Community Gardens Require Density

KSL recently reported on a “farmer without a farm” in Salt Lake City. In a nutshell, the story is about a guy who has no land so he uses other people’s space to grow things that he then sells at farmer’s markets.

While the information in the story itself is pretty minimal, it illustrates an important but oft-overlooked point: communal gardening only works in places with high density housing. In other words, people who generally participate in community gardening opportunities are those finding themselves in situations like the man in the KSL article.

A community garden in Provo. If communities want to encourage community gardening — and I think they should — they also need to encourage development that includes fewer individual gardening spaces.

By contrast, if everyone has their own backyard garden — or at least the space to plant one — there’s very little incentive to participate in community gardens that might require slightly greater investments of time or money.

In my experience, community gardens are a popular idea. They conjure up idyllic images of neighbors planting, harvesting, and communing together. They can obviously provide healthy and inexpensive food. They are places for people to come together. For all of those reasons, I join with others in believing that they should be more common.

But at least in Provo, the presence or absence of community gardens is entirely symptomatic of broader development patterns. Ultimately, if residents want more community gardens, they’ll have to actively encourage denser development.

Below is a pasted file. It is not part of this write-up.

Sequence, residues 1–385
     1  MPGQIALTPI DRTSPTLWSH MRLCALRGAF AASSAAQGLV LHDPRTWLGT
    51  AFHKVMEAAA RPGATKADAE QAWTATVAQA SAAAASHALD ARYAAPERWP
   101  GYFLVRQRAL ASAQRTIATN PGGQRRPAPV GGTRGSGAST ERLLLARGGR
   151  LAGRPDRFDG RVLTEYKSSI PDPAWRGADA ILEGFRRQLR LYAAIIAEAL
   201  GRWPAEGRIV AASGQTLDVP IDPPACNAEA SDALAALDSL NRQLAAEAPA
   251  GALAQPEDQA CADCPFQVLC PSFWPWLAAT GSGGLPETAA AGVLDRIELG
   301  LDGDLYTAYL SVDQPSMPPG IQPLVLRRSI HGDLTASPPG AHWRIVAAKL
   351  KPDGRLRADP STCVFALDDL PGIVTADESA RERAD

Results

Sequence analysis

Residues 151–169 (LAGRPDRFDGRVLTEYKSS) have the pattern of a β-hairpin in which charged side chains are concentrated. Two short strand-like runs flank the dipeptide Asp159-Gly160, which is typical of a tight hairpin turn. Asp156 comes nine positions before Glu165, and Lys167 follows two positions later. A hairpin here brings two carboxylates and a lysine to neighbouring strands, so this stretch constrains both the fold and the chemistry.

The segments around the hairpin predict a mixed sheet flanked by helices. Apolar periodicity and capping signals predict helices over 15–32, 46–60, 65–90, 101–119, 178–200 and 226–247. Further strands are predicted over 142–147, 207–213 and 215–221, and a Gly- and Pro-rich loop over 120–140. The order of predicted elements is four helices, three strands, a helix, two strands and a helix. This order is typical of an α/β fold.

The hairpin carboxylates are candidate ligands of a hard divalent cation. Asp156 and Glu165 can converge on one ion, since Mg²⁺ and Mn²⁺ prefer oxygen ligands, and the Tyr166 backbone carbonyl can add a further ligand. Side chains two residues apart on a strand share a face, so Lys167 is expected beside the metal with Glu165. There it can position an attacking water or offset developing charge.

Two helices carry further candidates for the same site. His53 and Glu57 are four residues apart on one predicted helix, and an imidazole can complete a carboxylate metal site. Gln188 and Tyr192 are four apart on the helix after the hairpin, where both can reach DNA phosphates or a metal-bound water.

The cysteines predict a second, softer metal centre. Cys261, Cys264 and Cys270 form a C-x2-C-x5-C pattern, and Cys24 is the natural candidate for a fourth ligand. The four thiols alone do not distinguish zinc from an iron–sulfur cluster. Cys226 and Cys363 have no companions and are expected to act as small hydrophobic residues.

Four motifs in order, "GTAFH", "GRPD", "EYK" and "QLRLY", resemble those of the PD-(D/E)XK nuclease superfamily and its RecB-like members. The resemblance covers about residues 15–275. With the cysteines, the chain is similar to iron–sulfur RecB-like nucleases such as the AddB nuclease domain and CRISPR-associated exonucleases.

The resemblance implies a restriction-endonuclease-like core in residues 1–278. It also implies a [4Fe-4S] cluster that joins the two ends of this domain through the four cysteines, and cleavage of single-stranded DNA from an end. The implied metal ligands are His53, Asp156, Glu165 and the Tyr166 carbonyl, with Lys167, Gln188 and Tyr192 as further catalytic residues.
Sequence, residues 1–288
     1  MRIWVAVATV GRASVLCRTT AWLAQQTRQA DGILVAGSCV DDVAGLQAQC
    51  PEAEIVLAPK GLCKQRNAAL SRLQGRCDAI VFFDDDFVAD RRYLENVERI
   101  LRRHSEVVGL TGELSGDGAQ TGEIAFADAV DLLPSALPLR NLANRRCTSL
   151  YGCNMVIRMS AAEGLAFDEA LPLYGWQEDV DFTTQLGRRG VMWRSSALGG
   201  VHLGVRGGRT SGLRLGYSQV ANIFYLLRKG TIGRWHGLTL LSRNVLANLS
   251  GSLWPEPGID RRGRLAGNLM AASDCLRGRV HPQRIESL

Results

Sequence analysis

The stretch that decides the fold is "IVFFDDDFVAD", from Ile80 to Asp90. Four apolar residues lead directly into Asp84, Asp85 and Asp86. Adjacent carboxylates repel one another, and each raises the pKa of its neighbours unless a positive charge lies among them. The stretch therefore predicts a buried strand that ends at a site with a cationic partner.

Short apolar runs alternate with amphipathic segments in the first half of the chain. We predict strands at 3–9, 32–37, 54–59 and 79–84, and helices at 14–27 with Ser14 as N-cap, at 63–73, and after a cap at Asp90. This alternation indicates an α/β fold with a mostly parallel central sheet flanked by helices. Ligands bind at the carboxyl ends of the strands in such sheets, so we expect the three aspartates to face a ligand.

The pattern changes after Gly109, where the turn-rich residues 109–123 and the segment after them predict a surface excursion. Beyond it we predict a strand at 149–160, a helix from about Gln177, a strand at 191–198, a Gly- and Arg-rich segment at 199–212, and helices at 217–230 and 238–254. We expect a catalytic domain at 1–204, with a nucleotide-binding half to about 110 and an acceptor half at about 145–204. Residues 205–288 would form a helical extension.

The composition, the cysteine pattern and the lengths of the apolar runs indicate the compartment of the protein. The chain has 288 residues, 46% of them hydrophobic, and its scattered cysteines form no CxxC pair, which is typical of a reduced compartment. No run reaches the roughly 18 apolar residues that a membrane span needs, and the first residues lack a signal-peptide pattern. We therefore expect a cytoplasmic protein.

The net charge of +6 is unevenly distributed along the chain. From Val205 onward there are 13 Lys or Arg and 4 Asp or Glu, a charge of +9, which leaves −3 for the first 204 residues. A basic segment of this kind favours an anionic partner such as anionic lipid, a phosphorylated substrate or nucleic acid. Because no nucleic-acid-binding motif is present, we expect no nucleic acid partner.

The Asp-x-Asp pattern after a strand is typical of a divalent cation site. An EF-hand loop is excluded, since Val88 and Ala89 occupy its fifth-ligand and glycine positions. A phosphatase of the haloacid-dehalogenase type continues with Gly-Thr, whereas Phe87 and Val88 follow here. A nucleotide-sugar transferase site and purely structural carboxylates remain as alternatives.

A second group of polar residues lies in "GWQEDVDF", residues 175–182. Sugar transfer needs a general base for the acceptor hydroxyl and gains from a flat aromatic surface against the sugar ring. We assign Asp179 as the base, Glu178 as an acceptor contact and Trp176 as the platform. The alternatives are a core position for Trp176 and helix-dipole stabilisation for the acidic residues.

One of many gardening spaces at my house. Like many people, I have plenty of space to garden at my house so it’s unlikely that I’d have much reason to participate in a community garden.



Filed under community, Food

3 responses to “Community Gardens Require Density

  1. Pingback: Density Is Needed Everywhere In Provo | (pro(vo)cation)

  2. Thank you for your insights. I agree with you that community gardens are great things and I think every community should have one. However, it does not have to only be in densely populated urban areas. I have been doing community gardening in Holladay for over 7 years. Holladay is probably one of the least densely populated areas in Salt Lake and the response from the community is phenomenal. Many, if not most, of our gardeners have plenty of land for a garden but love the social and educational aspects of communal interaction. Often times, community gardens are just lacking a little in organization and dedication but after one year of a successful season, the gardens take off like the plants growing in them. We will be starting a garden this year in Provo. It is at that same lot in your photo where other dedicated residents gardened last year. We hope to make this year as successful. Stay tuned.

  3. Pingback: Density doesn’t mean eliminating gardens | About Town

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